Leadership development anno 2017: “Talk to the people that know all about your leadership – your own people.”

They are possibly the most overlooked resource to grow as a manager or team leader of any sort: Your employees, direct reports and team members that deal with your leadership on a daily basis. They have first-hand experience and – given the opportunity – are more than willing to give you a hand up the ladder of natural leadership.

Why are employees a worthwhile dialogue partner about my leadership?

Because they experience it, they see you act in daily live and they have an opinion. It does not take a guru or a personal coach per se to make you a better leader. Because good leadership is when leader and follower agree that it is good! Not when your guru says you’ve got his lesson right.

There is an inconvenient truth for leadership gurus: Not all people actually want a servant leader, some are happy to be able to rely on their boss as the person who knows best. Some like their bosses to be bossy.

Obviously, not all people appreciate a decisive boss who dominates their work. That is the whole point, there are many different preferences. You might even have different types on your team at the same time. Than it gets hard to determine what form of leadership will make them perform as best they can. As they are the only people that know what they really want, it is evident that a dialogue with them will bring you the most insight how to make them perform better every day.

Does such a conversation yield any worthwhile insights? Is it worth the time?

Yes! However, you might be anxious that your followers will take the opportunity to push their agenda and not so much engage in constructive dialogue. Well, our experience shows that this is not the case. Generally, people are willing to help you if a.) you ask nicely and b.) they see the value for themselves. Since you get better insights into their view on your leadership, they will most likely benefit from this increased understanding as well. Given that both parties enter the dialogue with honesty and openness, it will yield meaningful insights.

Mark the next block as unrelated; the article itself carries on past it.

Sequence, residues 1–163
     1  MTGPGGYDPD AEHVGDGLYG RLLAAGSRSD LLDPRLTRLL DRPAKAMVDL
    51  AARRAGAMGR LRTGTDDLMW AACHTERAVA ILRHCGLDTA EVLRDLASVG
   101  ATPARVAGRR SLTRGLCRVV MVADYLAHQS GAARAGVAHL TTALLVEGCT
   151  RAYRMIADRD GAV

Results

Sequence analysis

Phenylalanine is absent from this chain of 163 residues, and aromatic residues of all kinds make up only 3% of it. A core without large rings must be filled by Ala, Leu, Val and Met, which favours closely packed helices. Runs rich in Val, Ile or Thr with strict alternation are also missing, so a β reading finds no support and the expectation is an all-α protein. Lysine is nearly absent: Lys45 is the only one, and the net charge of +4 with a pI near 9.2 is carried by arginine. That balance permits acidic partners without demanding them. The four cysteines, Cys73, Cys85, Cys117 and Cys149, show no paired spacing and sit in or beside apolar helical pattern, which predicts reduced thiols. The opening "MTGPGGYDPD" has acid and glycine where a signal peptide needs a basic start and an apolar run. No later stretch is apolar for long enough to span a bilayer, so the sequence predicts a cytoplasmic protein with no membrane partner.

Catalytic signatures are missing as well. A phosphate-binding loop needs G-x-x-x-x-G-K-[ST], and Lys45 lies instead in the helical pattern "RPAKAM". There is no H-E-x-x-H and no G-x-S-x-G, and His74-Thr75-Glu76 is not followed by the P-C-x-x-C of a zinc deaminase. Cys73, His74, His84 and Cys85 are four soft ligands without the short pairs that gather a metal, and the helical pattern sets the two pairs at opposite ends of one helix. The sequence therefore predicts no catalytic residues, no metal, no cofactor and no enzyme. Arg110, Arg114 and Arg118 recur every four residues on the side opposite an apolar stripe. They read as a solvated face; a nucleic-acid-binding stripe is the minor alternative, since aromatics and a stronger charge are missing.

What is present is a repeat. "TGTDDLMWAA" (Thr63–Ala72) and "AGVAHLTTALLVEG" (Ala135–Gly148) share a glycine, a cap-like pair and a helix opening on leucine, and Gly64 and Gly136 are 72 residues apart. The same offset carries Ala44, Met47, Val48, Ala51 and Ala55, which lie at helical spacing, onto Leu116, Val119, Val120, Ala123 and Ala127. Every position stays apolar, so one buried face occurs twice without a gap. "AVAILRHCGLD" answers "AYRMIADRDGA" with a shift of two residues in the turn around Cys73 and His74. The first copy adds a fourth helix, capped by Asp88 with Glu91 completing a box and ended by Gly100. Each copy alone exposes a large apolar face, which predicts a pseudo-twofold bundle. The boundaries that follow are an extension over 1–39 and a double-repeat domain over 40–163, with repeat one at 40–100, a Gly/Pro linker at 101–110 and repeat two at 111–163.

How do I do it?


A dialogue becomes a ‘good conversation’ if you are able to be yourself, to ask meaningful questions and have a shared intention to talk about the subject at hand. You might think that you already do that pretty well, or you might believe that such dialogue does not come to you naturally. In both cases, there is a pragmatic new approach to be supported in holding a meaning dialogue about your own leadership: the Leadership Dialogue Guide. Pragmatic and effective, this guide gives you that little extra nudge in the right direction. It provides you with a personalized dialogue guide that features an effective dialogue format as well as personalized questions that matter. Following the guide makes it much easier to focus and engage your own people – even if talking about your own style of leadership is new to you.

Have a look at our leadership dialogue guide: leadershipdialogue.eu

“We support your growth as a leader by facilitating dialogues with the people that matter most: your followers.”

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